Is there any reason to believe that one sex is biologically superior to the other in a generalized sense? I've heard it said that men are inferior to women because they don't live as long and, in every age group are more likely to die than women. Add to that the fact that men's immune systems aren't as resilient as women's, they invest much less in reproduction, more boys than girls have ADHD or autism, and (it has been argued) men's sexual and aggressive urges are the cause of most violence and suffering in the world. As a man myself, I find these notions deeply troubling, not least because I am not a violent person, but also because though the above facts are scientific, I've read other arguments that evaluative notions of 'superiority' and 'inferiority' have no place in scientific discourse. So if it's not for scientists to say whether or not one sex is superior to the other, which type of expert should we appeal to, if at all? Philosophers such as yourselves, who presumably understand value better than most people? If so, do you think one sex can be considered superior to the other, in any all encompassing, generalized, meaningful way?
The physicist Wolfgang Pauli Allen Stairs 11/16/17 (changed 11/16/17) Permalink The physicist Wolfgang Pauli apparently didn't have much patience for what he saw as nonsense. More than once, it seems, he dismissed an idea by saying that it was "not even wrong." I'll have to admit: the idea that one sex is superior to the other in any all-things-considered wa... Read more
If I investigate the Goldbach conjecture by testing individual even integers to verify that they accord with it, do I have more reason to believe that the conjecture is true the more integers I verify? Or am I in just the same epistemic position regarding the conjecture whether I've verified one integer or a billion?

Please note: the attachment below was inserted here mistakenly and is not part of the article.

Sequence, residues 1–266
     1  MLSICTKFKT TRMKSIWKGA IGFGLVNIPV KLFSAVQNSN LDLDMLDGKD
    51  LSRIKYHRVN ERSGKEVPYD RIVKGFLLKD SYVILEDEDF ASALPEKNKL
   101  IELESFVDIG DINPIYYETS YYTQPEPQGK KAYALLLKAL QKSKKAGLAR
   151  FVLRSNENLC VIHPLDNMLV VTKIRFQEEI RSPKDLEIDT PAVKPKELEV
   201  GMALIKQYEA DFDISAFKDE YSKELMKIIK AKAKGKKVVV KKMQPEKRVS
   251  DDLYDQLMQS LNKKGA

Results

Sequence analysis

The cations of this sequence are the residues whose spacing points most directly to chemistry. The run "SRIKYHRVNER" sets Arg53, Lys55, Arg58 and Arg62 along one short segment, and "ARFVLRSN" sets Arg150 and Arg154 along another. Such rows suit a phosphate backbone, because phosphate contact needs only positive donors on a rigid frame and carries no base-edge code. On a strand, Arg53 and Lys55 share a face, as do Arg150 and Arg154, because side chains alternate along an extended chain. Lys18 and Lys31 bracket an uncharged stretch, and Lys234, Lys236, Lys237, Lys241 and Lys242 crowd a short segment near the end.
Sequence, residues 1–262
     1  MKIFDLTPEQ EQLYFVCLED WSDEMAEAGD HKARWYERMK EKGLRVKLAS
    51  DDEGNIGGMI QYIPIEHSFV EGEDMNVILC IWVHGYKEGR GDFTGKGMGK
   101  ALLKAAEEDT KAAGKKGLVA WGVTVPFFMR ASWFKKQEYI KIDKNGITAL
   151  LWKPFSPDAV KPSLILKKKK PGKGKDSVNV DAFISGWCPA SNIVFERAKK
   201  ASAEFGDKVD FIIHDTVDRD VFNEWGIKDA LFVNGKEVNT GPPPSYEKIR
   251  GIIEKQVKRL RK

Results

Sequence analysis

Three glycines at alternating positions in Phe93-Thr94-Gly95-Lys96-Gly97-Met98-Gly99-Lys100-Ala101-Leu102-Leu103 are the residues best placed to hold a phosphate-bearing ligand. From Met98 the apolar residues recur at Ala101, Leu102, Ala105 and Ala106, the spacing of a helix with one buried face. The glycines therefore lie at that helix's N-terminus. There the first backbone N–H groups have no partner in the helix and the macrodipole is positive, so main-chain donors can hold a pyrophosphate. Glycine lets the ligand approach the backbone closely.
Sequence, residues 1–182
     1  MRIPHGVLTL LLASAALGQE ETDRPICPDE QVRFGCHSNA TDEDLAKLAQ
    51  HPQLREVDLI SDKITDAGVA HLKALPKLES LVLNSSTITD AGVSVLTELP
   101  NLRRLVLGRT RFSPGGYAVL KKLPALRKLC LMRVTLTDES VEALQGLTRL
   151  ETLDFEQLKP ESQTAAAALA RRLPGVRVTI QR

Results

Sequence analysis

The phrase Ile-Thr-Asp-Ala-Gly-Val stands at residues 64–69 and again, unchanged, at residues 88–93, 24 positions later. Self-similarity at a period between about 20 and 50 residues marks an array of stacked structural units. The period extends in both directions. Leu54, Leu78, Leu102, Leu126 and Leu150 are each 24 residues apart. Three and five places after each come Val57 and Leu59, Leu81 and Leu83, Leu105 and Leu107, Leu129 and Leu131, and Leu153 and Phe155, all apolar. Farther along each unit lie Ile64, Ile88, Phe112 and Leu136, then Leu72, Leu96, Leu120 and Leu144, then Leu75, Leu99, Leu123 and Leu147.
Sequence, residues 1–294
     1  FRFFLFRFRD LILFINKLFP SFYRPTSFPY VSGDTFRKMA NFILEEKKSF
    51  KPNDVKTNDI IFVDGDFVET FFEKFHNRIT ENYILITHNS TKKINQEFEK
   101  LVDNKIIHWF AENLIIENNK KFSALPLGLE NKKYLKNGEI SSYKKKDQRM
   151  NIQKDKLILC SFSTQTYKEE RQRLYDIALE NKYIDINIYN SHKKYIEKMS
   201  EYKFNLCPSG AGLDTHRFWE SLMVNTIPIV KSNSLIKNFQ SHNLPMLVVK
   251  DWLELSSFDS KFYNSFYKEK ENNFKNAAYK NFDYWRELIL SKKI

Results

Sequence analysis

As you clearly know, no Richard Heck 11/9/17 (changed 11/9/17) Permalink As you clearly know, no matter how many integers you have checked, that will always be a finite set, and so there will always be infinitely many integers you have not checked. Unless you had some reason to believe that a counterexample to Goldbach must be "low", then, it's hard to see w... Read more
Why does God not relieve the acute suffering of a child? This example incites the jury. The child's suffering and mine during a flu episode only differ in degree. The question is why God allows suffering at all. In a world of inevitable death suffering is unavoidable and is therefore as natural as elliptical orbits. Suffering (like its twin pleasure) is morally neutral and a by-product of sentience--cruelty and indifference are not neutral. For God to intervene would be to change the natural order, thus depriving humans of a full range of experience, freedom to act, and full responsibility for those actions. The terms of existence are non-negotiable. God's moral law is the architect's plan for living with these conditions. Does my argument hold any water?
I think your argument has Stephen Maitzen 11/9/17 (changed 11/9/17) Permalink I think your argument has holes that prevent it from holding much water: 1. Our world need not have been a world of inevitable death. Any God capable of creating the universe from scratch is capable of creating its physical laws, so nothing forced God to make our universe one in w... Read more